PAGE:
The U-turn comes after Tesla purchased $1.5 billion worth of bitcoin in February and announced that it would start accepting payments in the cryptocurrency in March.
“We are concerned about rapidly increasing use of fossil fuels for Bitcoin mining and transactions, especially coal, which has the worst emissions of any fuel,” Musk wrote on Twitter.
“Cryptocurrency is a good idea on many levels and we believe it has a promising future, but this cannot come at great cost to the environment.”
The Bitcoin network guzzles up more energy per year than the entire country of Sweden.
Some estimates suggest that its energy use has more than doubled since the start of this year, going from an annual average of up to 224 terawatt-hours in January to 515 terawatt-hours in May according to Cambridge University’s Bitcoin Electricity Consumption Index.
The currency’s energy consumption is due to its underlying algorithm, which means that every time a new bitcoin goes into circulation and every time a trade is made, thousands of computers in the bitcoin network race to verify this transaction.
Known as proof of work (PoW), this inefficient system relies on large amounts of computing power and electricity, often derived from fossil fuels such as coal.
Ironically, the rapid increase in bitcoin’s energy consumption could partially be traced back to Musk himself, as his February investment caused a surge in demand for the currency, hiking up its value.
But now Musk is has stated that Tesla will not be selling or accepting any bitcoin until the system runs on renewable energy.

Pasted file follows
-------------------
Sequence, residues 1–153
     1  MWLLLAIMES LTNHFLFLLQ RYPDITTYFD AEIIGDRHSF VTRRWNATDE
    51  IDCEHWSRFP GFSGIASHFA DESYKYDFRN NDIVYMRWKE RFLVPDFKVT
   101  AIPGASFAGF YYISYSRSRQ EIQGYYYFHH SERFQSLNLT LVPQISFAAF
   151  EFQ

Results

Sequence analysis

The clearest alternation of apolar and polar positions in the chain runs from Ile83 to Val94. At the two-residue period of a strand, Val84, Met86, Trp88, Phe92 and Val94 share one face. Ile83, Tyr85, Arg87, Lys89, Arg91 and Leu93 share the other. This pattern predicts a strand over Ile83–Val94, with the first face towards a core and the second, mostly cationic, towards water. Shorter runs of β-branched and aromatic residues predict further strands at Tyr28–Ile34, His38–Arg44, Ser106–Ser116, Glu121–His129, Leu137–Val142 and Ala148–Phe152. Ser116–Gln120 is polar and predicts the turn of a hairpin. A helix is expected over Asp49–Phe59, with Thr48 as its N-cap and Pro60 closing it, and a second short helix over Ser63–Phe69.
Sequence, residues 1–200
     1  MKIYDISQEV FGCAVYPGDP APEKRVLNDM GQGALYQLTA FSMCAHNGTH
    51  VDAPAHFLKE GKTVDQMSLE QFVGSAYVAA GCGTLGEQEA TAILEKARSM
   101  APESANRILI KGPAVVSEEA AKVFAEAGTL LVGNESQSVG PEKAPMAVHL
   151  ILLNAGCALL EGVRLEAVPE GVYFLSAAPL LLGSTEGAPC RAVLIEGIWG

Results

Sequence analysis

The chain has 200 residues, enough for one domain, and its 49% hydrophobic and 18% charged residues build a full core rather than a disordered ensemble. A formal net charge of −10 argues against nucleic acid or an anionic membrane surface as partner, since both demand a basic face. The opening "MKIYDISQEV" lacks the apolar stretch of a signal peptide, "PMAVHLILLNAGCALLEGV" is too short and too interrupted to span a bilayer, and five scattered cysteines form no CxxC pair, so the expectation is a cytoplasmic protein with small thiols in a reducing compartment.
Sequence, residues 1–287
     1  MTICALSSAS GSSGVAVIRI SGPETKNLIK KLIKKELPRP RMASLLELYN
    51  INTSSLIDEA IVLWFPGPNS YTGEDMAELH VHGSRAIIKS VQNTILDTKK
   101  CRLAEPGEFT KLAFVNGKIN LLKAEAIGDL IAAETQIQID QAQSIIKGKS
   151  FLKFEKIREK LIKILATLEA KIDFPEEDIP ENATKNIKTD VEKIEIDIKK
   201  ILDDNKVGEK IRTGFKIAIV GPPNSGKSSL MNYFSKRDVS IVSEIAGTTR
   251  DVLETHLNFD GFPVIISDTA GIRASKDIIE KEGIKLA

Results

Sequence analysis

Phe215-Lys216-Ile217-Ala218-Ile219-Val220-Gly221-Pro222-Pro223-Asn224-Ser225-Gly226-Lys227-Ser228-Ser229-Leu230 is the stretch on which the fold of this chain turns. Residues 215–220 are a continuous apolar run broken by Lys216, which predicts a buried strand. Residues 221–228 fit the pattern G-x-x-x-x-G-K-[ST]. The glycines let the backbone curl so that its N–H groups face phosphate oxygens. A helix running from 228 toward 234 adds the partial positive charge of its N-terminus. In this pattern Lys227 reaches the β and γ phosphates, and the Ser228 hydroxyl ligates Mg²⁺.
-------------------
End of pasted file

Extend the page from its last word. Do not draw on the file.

— Elon Musk (@elonmusk) May 13, 2021
Musk tweeted a graph showing bitcoin’s increased energy usage
In the meantime, the company will look into cryptocurrencies that use less than one per cent of the amount of energy per transaction compared to bitcoin.
A number of smaller cryptocurrencies such as Tezos and Cardano are based on a more efficient algorithm known as proof of stake (PoS), in which only one computer in the system is picked at random to verify a transaction.
“The energy consumption required to run a proof of work network is equivalent to a nation of tens of millions of people,” co-founder of development firm TQ Tezos Chris Lawlor told Dezeen.
“But the energy needed to run a proof of stake network is a few hundred computers.”
The environmental impact of cryptocurrencies and their underlying blockchain technology has been brought into the spotlight in recent months with the boom of non-fungible tokens (NFTs).
These are certificates of authenticity for digital assets, which are recorded on the blockchain and thus generate emissions any time they are created and traded.
As awareness around this issue is growing, creators including architect Chris Precht have cancelled upcoming NFT sales while musician Imogen Heap offset the emissions from her first drop by removing 20 tonnes of CO2 from the atmosphere.